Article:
1,5 dl red wine
700 g cooked fava beans
1 tsp lovage
1 tsp marjoram
1 tsp parsley
1 tsp green pepper corns
salt
water

Chop the garlic cloves coarsely and crush the cardamom. Peel the carrots and cut in 1-1,5 cm slices. Heat the oil in a pot. Sauté cardamom, caraway seeds and garlic couple of minutes. Add the carrots and sauté few more minutes. Add the rest of the ingredients and enough water to cover everything. Put the lid on, put the pot into oven and bake at least couple of hours in 175 Celsius degrees.

Cute Boletes and Pasta

I found these babies on Tuesday.

They might be Orange Birch Bolete, but I’m not sure, since there are some other fungi that look very similar. Anyway they’re part of Leccinum genus, and all the similar looking species taste good so it doesn’t matter if don’t recognise them exactly. It’s enough that I know it’s one of the similar-looking-boletes. If there were a chance to confuse them with inedible or poisonous mushrooms, I wouldn’t pick them.

Wednesday I used them to make pasta sauce. Orange Birch Boletes (and the others who look like them) must always be cooked well, otherwise they can cause stomach ache. So no quick frying for them. They also turn black when cooked, so tomato sauce is better for them than creamy sauce. I had Orange Birch Bolete, but you can also use the recipe with other forest mushrooms or cultivated mushrooms.

Orange Birch Bolete Pasta

whole grain fusilli or other pasta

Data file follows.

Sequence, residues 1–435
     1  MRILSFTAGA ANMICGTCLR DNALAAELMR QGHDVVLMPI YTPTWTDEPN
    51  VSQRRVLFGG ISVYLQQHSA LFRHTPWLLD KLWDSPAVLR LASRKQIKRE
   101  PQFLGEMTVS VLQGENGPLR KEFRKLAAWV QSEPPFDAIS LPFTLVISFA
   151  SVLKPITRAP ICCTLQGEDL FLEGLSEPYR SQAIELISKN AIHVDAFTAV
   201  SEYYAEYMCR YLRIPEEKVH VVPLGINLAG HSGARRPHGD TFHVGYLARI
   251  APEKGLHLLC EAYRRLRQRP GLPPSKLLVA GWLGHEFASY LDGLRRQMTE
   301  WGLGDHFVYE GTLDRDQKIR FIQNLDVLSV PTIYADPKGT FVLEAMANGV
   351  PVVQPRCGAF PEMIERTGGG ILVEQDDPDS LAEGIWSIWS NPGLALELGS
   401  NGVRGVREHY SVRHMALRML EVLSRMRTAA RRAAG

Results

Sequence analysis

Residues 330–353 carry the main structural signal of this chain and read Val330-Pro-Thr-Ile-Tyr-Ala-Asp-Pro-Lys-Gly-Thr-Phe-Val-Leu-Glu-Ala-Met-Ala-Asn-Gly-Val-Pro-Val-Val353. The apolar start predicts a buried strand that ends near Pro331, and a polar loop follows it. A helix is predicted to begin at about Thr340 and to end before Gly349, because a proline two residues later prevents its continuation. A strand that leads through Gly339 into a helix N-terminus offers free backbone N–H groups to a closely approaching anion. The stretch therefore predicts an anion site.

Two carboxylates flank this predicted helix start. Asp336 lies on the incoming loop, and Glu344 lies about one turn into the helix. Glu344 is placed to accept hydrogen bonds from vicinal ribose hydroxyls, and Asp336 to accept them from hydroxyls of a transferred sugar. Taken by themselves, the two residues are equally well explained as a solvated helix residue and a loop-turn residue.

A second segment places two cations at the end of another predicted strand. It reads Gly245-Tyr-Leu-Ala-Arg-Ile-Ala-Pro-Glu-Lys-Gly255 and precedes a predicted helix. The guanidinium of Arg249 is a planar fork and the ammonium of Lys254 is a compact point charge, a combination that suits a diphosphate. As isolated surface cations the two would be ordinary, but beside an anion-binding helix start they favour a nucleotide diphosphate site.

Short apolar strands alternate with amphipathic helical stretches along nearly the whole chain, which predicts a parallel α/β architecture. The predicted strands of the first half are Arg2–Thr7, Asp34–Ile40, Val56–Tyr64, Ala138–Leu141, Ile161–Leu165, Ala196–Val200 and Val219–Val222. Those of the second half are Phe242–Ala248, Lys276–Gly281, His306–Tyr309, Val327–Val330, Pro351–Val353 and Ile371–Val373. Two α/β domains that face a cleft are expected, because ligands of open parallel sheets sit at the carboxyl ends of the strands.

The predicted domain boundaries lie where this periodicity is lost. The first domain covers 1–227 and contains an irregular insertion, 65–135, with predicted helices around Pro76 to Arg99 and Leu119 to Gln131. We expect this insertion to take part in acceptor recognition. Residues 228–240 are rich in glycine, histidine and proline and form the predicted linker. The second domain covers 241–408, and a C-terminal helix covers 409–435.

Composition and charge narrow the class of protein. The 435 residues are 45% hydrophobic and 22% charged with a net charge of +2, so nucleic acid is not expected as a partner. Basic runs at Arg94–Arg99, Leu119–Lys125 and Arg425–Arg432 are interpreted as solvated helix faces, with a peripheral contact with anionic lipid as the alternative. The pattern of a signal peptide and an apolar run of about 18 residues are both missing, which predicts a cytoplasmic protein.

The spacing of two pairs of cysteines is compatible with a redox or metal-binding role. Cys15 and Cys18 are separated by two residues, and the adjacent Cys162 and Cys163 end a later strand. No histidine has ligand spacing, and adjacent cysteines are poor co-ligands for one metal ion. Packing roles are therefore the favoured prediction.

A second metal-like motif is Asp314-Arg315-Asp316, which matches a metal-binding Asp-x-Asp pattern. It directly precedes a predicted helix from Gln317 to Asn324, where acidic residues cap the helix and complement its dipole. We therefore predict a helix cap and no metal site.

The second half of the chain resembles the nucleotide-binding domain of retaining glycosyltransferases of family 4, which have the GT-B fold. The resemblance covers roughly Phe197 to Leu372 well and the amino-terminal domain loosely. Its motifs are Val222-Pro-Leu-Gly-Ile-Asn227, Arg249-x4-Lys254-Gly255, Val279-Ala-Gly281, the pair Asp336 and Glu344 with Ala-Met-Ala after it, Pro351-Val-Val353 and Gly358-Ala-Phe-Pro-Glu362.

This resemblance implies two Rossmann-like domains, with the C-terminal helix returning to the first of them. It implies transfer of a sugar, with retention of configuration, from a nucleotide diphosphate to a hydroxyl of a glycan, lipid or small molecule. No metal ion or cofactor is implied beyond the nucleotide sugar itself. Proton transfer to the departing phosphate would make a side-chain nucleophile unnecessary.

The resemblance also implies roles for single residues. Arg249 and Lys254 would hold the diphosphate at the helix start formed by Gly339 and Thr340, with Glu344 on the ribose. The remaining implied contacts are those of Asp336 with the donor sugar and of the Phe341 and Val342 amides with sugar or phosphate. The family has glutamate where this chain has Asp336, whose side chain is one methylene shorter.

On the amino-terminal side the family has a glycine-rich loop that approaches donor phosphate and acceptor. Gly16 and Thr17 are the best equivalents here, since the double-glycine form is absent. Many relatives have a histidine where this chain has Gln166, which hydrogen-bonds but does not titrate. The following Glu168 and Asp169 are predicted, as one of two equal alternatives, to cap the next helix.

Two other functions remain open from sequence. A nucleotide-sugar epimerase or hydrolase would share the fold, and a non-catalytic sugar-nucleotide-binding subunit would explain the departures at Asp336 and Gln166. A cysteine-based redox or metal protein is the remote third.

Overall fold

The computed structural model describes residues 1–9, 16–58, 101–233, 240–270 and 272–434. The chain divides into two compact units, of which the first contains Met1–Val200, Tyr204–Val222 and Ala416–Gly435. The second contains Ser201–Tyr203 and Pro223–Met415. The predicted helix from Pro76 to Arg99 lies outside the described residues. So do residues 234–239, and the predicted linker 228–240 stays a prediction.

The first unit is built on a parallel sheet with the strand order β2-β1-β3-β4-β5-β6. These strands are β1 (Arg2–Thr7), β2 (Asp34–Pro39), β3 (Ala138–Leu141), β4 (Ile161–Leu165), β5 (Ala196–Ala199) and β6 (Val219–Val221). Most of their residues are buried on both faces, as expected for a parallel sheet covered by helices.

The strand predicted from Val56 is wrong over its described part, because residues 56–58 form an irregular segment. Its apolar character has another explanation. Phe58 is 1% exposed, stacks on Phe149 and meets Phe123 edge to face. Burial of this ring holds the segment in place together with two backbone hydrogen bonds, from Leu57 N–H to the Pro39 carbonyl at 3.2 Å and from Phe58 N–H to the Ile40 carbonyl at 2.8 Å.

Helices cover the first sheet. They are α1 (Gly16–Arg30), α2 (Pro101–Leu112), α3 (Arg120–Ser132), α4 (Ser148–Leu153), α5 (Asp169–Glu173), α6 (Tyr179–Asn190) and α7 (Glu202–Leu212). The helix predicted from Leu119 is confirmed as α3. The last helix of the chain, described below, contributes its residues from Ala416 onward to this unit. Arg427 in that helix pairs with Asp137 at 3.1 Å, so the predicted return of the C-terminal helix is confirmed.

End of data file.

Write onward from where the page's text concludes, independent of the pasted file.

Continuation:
1,5 l cleaned and coarsely chopped Orange Birch Bolete
2 tbsp oil
1 onion
3 big garlic cloves
1 glass red wine (optional)
1 can crushed tomatoes
1-2 dl water
salt
pinch of white pepper
small bunch of fresh basil (about 4 tbsp chopped)

Sauté the boletes in a dry pan until the excess water comes out. Discard the water or keep sautéing until it’s evaporated. Add oil and chopped onion and sauté few more minutes. Add minced garlic and sauté couple of minutes. Add crushed tomatoes, water and wine and bring to boil. Simmer covered at least 10 minutes. Meanwhile cook the pasta according the instructions on the package. Season the sauce with salt, pepper and fresh basil and mix with pasta.

Lentil Cannelloni

When I saw Kurpitsamoska’s lentil cannelloni recipe several months ago I wanted to try it. Soon my sister came to visit and asked if we could make mushroom and eggplant cannelloni, which we made and enjoyed and I forgot the lentil cannelloni recipe. Until a friend of ours told that she had made awesome vegetarian lasagne and the next day Nomad suggested that we’d have lasagne or cannelloni in the near future. On Valentine’s day I veganized Kurpitsamoska’s cannelloni and they were great.

Lentil Cannelloni

cannelloni tubes

Lentil Filling:
2 dl red lentils
2 tbsp oil
1 tbsp dried basil
1 tsp sugar
salt
0,5 dl nutritional yeast
0,5 dl oat cream

Tomato Sauce:
2 cans crushed tomato
1 big onion
5 garlic cloves (or more)
oil
1 glass red wine
pinch of sugar
2 tbsp balsamic vinegar
salt and pepper
2 tsp dried basil

Boil the lentils 10-15 minutes. Drain and stir in other ingredients. Let sit a little while.

Chop the onion and mince garlic. Sauté in oil until soft. Add rest of the ingredients and simmer as long as you have patience.

Fill the cannelloni tubes with lentil filling and put them on one layer to a oven proof dish. Pour the tomato sauce over them and bake 25-30 minutes in 225 celsius degrees.